No matter how many new and (what I think are) exciting recipes I publish here, this Easy Curry Fried Rice continues to be one of my most visited. It stares me in the face every time I check my top posts. I guess you really can’t go wrong with a simple 30-minute meal.
This recipe is also a great way to use up any leftover veggies hanging out in your crisper, and any leftover rice. In fact, I encourage leftover rice! It’s one of the key factors to bringing your rice to that nutty and crispy perfection we love so much with restaurant fried rice.
Perfectly fried rice.
It feels a little odd to dub this a 30-minute meal when I’m about to tell you to start prepping the night before, but it’s more of a suggestion than an instruction. Just roll with it.
Freshly-cooked rice is full of water and moisture, which makes it difficult to get that crave-worthy chewy crisp we expect in fried rice. But leftover rice kept in the fridge overnight dries up and hardens, making it the *perfect* texture for fabulously fried rice.
Crispy bits, please and thank you.
While frying rice in our pans, we’re inclined to stir. We hover over the stovetop, we take in the pleasant aromatics, and we stir — usually out of sheer boredom. For crispy fried rice, we need to chill the eff out with the damn stirring.
Once your aromatics, proteins, and veggies have been cooked over high heat, press the rice down, flattening it with your spatula. Set a timer for 2-3 minutes, and walk away. WALK AWAY. Otherwise you’ll scratch the itch and stir, ruining the entire thing.
Once your time is up, give the rice a toss. You’ll see that the rice that was pressed against the bottom of the pan is toasty and crispy. Repeat this process 3-5 times if you want. I like a lot of crispy bits, so for me, it’s worth the wait.
If you make this recipe, please snap a pic and tag me on Instagram @killing__thyme! I love hearing from you <3
Easy Curry Fried Rice
This Easy Curry Fried Rice uses day-old rice to get a crispy, nutty texture, and a toasty flavor. Toss it with veggies and a scrambled egg for fried rice perfection.
- 4 cups cooked day-old rice *See notes
- 2 TBSP olive oil
- 3 garlic cloves, thinly sliced
- 1 yellow onion, finely diced
- 1 rib of celery, thinly sliced
- 1 large carrot, shredded approx. 1 cup
- 1 cup roughly chopped mushrooms
- 2 eggs, beaten
- 1.5 TBSP curry powder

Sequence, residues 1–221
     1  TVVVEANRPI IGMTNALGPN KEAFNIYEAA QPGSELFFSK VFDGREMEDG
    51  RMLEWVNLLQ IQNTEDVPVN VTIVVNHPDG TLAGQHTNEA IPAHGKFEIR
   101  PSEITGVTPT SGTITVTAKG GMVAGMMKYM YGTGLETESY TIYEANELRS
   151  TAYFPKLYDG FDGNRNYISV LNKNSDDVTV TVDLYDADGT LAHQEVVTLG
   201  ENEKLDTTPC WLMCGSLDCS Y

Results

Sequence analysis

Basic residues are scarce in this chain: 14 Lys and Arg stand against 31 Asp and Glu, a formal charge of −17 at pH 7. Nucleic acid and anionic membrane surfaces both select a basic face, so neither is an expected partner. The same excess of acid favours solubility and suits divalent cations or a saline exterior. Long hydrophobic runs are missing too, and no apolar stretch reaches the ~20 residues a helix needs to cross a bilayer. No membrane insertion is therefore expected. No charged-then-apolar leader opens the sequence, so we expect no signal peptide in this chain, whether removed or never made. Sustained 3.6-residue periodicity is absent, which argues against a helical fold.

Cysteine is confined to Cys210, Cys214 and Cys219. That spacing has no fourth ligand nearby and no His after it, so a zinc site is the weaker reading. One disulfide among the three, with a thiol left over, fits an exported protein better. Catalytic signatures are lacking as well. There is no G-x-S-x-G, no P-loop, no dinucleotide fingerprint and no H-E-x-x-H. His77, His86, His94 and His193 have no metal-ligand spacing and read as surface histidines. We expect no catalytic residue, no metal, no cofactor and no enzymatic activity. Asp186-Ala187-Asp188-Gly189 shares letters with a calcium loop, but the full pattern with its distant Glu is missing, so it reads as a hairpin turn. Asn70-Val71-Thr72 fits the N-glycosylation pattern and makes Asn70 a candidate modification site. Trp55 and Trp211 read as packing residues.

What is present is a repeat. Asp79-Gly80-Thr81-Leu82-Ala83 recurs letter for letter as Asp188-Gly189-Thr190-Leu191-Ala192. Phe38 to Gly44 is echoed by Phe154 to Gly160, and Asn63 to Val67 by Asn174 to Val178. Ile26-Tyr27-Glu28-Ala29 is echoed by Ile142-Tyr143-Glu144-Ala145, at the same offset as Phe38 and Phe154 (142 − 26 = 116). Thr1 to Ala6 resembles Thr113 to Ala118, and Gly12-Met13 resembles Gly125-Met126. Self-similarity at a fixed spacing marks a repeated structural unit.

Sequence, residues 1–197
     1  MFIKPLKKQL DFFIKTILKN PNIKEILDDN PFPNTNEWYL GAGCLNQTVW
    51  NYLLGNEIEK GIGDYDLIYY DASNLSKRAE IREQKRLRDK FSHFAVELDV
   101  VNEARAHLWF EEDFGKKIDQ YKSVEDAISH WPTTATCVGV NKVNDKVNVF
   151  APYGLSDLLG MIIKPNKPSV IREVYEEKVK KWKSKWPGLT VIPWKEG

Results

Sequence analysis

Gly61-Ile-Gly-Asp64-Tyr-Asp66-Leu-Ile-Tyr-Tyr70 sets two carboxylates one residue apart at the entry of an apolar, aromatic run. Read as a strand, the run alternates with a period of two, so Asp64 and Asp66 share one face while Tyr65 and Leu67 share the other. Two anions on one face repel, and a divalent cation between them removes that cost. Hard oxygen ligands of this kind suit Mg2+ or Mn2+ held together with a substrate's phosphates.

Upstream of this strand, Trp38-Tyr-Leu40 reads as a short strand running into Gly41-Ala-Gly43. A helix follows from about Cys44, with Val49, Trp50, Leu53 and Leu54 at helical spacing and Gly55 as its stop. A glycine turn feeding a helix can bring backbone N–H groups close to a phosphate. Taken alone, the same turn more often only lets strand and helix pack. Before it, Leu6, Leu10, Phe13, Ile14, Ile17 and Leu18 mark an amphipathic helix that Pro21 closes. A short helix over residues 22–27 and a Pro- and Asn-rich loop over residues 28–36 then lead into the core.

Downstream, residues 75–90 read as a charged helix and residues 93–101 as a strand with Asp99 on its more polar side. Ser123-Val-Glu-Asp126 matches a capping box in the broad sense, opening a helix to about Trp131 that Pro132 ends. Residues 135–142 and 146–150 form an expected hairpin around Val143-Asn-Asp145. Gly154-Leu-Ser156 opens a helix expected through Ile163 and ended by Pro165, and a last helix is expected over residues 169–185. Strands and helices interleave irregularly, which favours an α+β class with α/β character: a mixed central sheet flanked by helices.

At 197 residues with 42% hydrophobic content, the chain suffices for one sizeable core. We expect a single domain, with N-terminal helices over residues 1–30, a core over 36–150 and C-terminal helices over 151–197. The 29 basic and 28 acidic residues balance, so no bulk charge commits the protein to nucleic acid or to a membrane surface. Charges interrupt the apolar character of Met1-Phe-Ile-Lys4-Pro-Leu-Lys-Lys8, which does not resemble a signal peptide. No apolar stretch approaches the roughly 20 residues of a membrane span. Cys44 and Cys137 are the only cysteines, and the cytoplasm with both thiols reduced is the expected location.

- 2 TBSP Tamari or low-sodium soy sauce
- 1/2 cup frozen peas
- 1/2 cup frozen corn
- Kosher salt and cracked black pepper, to taste
- 1/4 cup thinly sliced scallions
- Freshly chopped parsley, for garnish (optional)
Heat oil in a large skillet or wok over moderate heat.
Add the garlic and onions, and simmer until fragrant, approx. 3-5 minutes. Stir occasionally to keep garlic from browning.
Add the celery, carrots, and mushrooms. Simmer for approx. 5 minutes or until veggies are tender.
Add the curry powder, plus a pinch of kosher salt and ground black pepper. Stir to combine evenly throughout the vegetables.
Sweep the vegetables to the side of the pan; add a bit more oil if needed. Add the beaten eggs to the center of the pan and allow to cook briefly, dragging your spatula through the cooking egg to create ribbon-like chunks off egg — same way you'd treat an egg when making them scrambled. Once cooked, stir in the vegetables and break up the egg to distribute it throughout the vegetables.
Add the rice to the skillet in batches, stirring to coat. Add the tamari or soy sauce and mix well.
Finally, add the scallions, frozen peas, and frozen corn (the frozen peas and corn will thaw very quickly once they're tossed in with the hot food).
Bring the heat to medium-low and press the rice down into the pan, flattening it with your spatula. Let the rice sit like this, undisturbed, for 2-3 minutes. After that time is up, give it a stir, scraping crispy toasted bits from the bottom of the pan. Repeat this process 3-5 times, until you get the amount of crispiness in your rice you desire. Season with salt and pepper, to taste, if needed.
Remove skillet from heat, garnish with freshly chopped parsley (optional), and serve.
*Day-old rice is suggested for perfectly crispy fried rice. Freshly cooked rice is full of water and too moist. If you must make a batch of freshly cooked rice, please note that you may not be able to attain the crispiness desired and the attempted crisping process by pressing the rice into the pan for several minutes may result in a longer cooking time.